Before the TR protocol, each participant sat quietly in a chair for 5 minutes to collect baseline data. Subsequently, each participant performed about 3–4 minutes of dynamic stretching (e.g., arm circles and knee lifts) and lightweight (1 kg) medicine ball exercises (e.g., twisting and knee bends). Once complete, an approximate 1-minute period ensued in which the researcher reviewed session instructions and the participant assumed the starting position for the first exercise. A research assistant video-recorded and monitored the number of rope oscillations during each time interval and subsequently counted and analyzed the number of repetitions. During the TR protocol, a research assistant periodically checked the facemask for proper fit. Participants began in an athletic stance (except EX2, which began in the seated position) and were instructed to perform each TR exercise at a specific cadence with the proper exercise technique. During each rest interval, a research assistant provided a quick review of the upcoming TR exercise and reinforced exercise-specific coaching cues to maintain proper technique. The 10-minute TR exercise protocol consisted of 2 sets of 30 seconds on 5 different TR exercises with a 30-second rest interval between sets and exercises as outlined in Table 1. Verbal encouragement was used consistently throughout the TR trials. Tape markers were placed on the floor to ensure proper foot position. A metronome was used to standardize cadence. All participants performed the same TR exercises in the same order. The design of the TR protocol was based on previous school-based interventions, which included short bouts of exercise with 30 seconds of rest between sets and exercises (13,14).
Values for HR, absolute V[Combining Dot Above]O2, relative V[Combining Dot Above]O2, minute ventilation (VE), and RER were recorded during the entire TR protocol. Individual breath-by-breath data points for all metabolic variables were averaged for the entire set of each BR exercise. The time corresponding to the initiation of each set and the rest interval length between each set were carefully monitored and labeled during each protocol. The values between these time points were subsequently averaged and analyzed.
Descriptive statistics (mean ± SD) were calculated for all dependent variables. A 1 (group) × 10 (sets) analysis of variance with repeated measures was used to analyze within-participant cardiometabolic and RPE data. Subsequently, Tukey's post hoc tests were used to determine differences when significant main effects were obtained. For all statistical tests, a probability level of p ≤ 0.05 denoted statistical significance. Statistical analyses were conducted in SPSS (version 18.0; SPSS, Chicago, IL).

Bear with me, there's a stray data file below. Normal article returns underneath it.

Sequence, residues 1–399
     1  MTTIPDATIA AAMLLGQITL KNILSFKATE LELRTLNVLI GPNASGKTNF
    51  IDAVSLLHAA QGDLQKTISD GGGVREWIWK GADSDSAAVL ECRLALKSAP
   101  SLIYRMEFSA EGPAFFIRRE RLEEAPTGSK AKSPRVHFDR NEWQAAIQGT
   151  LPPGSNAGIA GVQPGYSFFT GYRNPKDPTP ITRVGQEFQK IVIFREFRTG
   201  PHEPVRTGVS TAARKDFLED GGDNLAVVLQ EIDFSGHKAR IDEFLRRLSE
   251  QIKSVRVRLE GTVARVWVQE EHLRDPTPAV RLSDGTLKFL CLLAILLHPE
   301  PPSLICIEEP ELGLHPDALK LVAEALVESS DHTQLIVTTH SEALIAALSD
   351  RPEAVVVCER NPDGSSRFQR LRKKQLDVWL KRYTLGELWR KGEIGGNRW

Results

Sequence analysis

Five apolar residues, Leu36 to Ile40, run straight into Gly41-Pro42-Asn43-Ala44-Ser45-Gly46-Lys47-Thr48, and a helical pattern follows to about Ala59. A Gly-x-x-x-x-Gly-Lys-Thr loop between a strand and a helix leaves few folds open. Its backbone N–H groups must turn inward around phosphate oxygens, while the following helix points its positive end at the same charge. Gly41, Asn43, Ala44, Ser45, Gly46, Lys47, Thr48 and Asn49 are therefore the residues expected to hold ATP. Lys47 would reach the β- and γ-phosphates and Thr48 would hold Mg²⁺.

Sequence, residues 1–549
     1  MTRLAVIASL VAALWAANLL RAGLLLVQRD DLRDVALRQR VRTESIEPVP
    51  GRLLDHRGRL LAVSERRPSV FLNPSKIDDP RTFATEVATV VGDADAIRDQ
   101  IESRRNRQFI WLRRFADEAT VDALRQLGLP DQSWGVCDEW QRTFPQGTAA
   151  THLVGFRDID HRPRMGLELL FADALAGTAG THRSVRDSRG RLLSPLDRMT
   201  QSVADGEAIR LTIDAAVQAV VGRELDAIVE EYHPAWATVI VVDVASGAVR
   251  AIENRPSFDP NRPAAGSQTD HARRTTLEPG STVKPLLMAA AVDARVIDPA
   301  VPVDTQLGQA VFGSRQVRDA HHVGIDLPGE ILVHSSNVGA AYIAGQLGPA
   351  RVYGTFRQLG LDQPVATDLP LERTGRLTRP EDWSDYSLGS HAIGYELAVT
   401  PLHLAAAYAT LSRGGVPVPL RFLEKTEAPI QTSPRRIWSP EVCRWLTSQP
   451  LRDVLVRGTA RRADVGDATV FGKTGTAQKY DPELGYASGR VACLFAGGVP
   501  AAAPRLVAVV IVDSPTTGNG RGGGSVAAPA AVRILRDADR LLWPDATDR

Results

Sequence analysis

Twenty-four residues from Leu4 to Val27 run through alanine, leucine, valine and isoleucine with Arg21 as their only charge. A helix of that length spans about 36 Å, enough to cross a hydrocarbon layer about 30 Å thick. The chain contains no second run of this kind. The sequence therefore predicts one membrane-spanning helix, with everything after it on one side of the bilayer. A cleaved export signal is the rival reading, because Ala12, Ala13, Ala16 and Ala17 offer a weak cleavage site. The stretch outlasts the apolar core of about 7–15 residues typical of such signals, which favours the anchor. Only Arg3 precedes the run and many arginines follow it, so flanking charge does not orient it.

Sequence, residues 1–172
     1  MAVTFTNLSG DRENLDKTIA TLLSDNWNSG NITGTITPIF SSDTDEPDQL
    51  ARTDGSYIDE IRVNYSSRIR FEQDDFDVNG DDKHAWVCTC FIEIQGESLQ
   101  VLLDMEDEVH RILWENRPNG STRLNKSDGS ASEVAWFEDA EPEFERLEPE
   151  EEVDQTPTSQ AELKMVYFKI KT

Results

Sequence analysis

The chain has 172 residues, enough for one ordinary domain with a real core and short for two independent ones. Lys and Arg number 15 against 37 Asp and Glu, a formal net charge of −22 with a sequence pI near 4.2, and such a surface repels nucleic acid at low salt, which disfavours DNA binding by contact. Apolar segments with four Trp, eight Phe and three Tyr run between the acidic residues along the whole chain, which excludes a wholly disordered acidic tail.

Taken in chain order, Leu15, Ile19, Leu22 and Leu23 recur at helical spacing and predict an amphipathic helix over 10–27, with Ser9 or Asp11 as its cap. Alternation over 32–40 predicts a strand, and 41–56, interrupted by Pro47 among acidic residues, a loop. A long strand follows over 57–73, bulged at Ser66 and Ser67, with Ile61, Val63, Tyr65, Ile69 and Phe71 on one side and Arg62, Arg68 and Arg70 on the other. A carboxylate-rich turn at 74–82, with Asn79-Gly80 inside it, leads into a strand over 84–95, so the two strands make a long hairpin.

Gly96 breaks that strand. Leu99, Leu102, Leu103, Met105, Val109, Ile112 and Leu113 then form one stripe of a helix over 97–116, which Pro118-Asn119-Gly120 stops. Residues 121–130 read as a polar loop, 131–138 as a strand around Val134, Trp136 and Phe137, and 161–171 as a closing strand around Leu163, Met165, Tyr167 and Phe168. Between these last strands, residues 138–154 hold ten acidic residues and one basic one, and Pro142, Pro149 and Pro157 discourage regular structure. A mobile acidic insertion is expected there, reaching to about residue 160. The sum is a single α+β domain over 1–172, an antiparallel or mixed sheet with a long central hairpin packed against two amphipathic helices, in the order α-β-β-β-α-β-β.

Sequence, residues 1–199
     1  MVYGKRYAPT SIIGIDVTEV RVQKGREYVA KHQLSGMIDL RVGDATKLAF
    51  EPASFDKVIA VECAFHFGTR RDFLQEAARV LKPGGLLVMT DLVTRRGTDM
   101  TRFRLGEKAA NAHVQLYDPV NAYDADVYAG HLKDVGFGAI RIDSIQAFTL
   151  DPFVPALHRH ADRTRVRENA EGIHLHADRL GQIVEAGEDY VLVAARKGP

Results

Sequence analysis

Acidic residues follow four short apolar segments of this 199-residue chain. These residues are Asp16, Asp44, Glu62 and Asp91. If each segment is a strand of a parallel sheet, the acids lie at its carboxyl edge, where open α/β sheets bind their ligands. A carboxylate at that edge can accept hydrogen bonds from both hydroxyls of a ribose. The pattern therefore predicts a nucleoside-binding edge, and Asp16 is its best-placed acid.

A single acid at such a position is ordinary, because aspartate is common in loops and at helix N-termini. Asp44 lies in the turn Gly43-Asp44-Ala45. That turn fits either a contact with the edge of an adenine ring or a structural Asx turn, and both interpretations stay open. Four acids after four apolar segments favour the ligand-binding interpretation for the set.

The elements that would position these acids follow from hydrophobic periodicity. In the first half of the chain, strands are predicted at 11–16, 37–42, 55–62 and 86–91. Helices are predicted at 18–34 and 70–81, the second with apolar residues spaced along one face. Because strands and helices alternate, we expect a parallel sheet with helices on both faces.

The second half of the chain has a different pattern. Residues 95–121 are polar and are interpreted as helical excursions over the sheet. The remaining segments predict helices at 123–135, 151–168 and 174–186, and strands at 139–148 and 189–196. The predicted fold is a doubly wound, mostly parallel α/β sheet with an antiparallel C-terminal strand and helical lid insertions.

All participants successfully completed all study-related procedures, and no injuries or unexpected events occurred during testing trials. Participants were healthy boys with a maximal treadmill test peak V[Combining Dot Above]O2 of 47.4 ± 8.8 ml·kg−1·min−1 and a peak HR of 195.1 ± 6.6 b·min–1. A comparison with age-related normative values for the Fitkids treadmill test indicates that the mean time to exhaustion of 10.5 ± 1.5 minutes for participants in the current investigation was about the 50th percentile (26). Cardiometabolic and perceptual responses are presented in Table 2. Significant (p ≤ 0.05) effects of TR exercise were observed for all variables, and there was a gradual increase in these parameters throughout the 10 sets (S) of the TR protocol. Our post hoc comparisons revealed a progressive increase in cardiometabolic demand as V[Combining Dot Above]O2, VE, and HR increased significantly (p ≤ 0.05) from EX1 (standing side-to-side wave) to EX5 (double-arm slams) with the highest peak V[Combining Dot Above]O2, VE, and HR reaching 36.7 ± 4.5 ml·kg−1·min−1, 51.2 ± 8.1 L·min−1, and 180.5 ± 12.5 b·min–1, respectively, during EX5. The highest mean values for V[Combining Dot Above]O2, VE, and HR were 30 ± 3.9 ml·kg−1·min−1, 40.8 ± 6.7 L·min−1, and 168.6 ± 11.8 b·min–1, respectively, during EX5.